More Studies by Columbia Cancer Researchers Are Retracted


Scientists in a prominent cancer lab at Columbia University have now had four studies retracted and a stern note added to a fifth accusing it of “severe abuse of the scientific publishing system,” the latest fallout from research misconduct allegations recently leveled against several leading cancer scientists.

A scientific sleuth in Britain last year uncovered discrepancies in data published by the Columbia lab, including the reuse of photos and other images across different papers. The New York Times reported last month that a medical journal in 2022 had quietly taken down a stomach cancer study by the researchers after an internal inquiry by the journal found ethics violations.

Despite that study’s removal, the researchers — Dr. Sam Yoon, chief of a cancer surgery division at Columbia University’s medical center, and Changhwan Yoon, a more junior biologist there — continued publishing studies with suspicious data. Since 2008, the two scientists have collaborated with other researchers on 26 articles that the sleuth, Sholto David, publicly flagged for misrepresenting experiments’ results.

One of those articles was retracted last month after The Times asked publishers about the allegations. In recent weeks, medical journals have retracted three additional studies, which described new strategies for treating cancers of the stomach, head and neck. Other labs had cited the articles in roughly 90 papers.

A major scientific publisher also appended a blunt note to the article that it had originally taken down without explanation in 2022. “This reuse (and in part, misrepresentation) of data without appropriate attribution represents a severe abuse of the scientific publishing system,” it said.

Still, those measures addressed only a small fraction of the lab’s suspect papers. Experts said the episode illustrated not only the extent of unreliable research by top labs, but also the tendency of scientific publishers to respond slowly, if at all, to significant problems once they are detected. As a result, other labs keep relying on questionable work as they pour federal research money into studies, allowing errors to accumulate in the scientific record.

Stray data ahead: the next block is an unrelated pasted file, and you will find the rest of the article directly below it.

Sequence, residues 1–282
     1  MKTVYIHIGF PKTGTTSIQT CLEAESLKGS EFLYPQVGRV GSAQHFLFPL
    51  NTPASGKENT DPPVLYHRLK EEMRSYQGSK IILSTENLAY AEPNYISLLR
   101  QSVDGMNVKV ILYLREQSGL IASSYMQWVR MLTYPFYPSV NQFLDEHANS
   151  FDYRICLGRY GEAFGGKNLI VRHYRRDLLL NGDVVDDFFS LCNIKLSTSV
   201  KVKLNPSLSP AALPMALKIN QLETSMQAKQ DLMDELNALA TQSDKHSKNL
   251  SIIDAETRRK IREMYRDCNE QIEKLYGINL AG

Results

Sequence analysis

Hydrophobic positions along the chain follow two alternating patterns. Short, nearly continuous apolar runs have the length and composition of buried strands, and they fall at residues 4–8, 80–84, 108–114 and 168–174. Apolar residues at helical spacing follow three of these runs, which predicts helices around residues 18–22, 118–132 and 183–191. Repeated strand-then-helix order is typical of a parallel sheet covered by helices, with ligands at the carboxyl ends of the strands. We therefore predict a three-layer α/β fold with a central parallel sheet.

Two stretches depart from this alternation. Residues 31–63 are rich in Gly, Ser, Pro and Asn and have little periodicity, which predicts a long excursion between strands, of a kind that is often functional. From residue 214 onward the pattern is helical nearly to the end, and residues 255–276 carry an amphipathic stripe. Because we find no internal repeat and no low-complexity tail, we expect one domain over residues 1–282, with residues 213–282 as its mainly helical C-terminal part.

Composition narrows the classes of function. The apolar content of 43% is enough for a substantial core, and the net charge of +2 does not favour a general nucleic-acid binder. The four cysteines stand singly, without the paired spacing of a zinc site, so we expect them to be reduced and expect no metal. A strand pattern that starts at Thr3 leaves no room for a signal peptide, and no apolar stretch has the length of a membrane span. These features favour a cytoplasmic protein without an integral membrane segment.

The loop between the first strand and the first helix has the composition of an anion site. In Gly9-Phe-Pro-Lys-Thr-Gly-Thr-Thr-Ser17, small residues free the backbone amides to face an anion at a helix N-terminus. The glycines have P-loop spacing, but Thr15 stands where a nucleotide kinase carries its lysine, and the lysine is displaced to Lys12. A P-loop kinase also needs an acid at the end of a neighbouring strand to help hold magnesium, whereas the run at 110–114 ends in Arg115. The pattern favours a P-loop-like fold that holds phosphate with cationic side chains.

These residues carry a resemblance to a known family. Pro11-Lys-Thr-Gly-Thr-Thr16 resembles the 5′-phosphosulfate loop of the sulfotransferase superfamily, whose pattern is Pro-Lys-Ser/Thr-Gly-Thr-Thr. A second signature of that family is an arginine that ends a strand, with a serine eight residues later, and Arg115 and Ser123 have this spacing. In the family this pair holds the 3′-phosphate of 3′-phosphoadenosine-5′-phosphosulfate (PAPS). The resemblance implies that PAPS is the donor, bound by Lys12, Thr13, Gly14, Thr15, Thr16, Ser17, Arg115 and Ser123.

“For every one paper that is retracted, there are probably 10 that should be,” said Dr. Ivan Oransky, co-founder of Retraction Watch, which keeps a database of 47,000-plus retracted studies. “Journals are not particularly interested in correcting the record.”

Columbia’s medical center declined to comment on allegations facing Dr. Yoon’s lab. It said the two scientists remained at Columbia and the hospital “is fully committed to upholding the highest standards of ethics and to rigorously maintaining the integrity of our research.”

The lab’s web page was recently taken offline. Columbia declined to say why. Neither Dr. Yoon nor Changhwan Yoon could be reached for comment. (They are not related.)

Memorial Sloan Kettering Cancer Center, where the scientists worked when much of the research was done, is investigating their work.

The Columbia scientists’ retractions come amid growing attention to the suspicious data that undergirds some medical research. Since late February, medical journals have retracted seven papers by scientists at Harvard’s Dana-Farber Cancer Institute. That followed investigations into data problems publicized by Dr. David, an independent molecular biologist who looks for irregularities in published images of cells, tumors and mice, sometimes with help from A.I. software.

The spate of misconduct allegations has drawn attention to the pressures on academic scientists — even those, like Dr. Yoon, who also work as doctors — to produce heaps of research.

Strong images of experiments’ results are often needed for those studies. Publishing them helps scientists win prestigious academic appointments and attract federal research grants that can pay dividends for themselves and their universities.

Dr. Yoon, a robotic surgery specialist noted for his treatment of stomach cancers, has helped bring in nearly $5 million in federal research money over his career.

The latest retractions from his lab included articles from 2020 and 2021 that Dr. David said contained glaring irregularities. Their results appeared to include identical images of tumor-stricken mice, despite those mice supposedly having been subjected to different experiments involving separate treatments and types of cancer cells.

The medical journal Cell Death & Disease retracted two of the latest studies, and Oncogene retracted the third. The journals found that the studies had also reused other images, like identical pictures of constellations of cancer cells.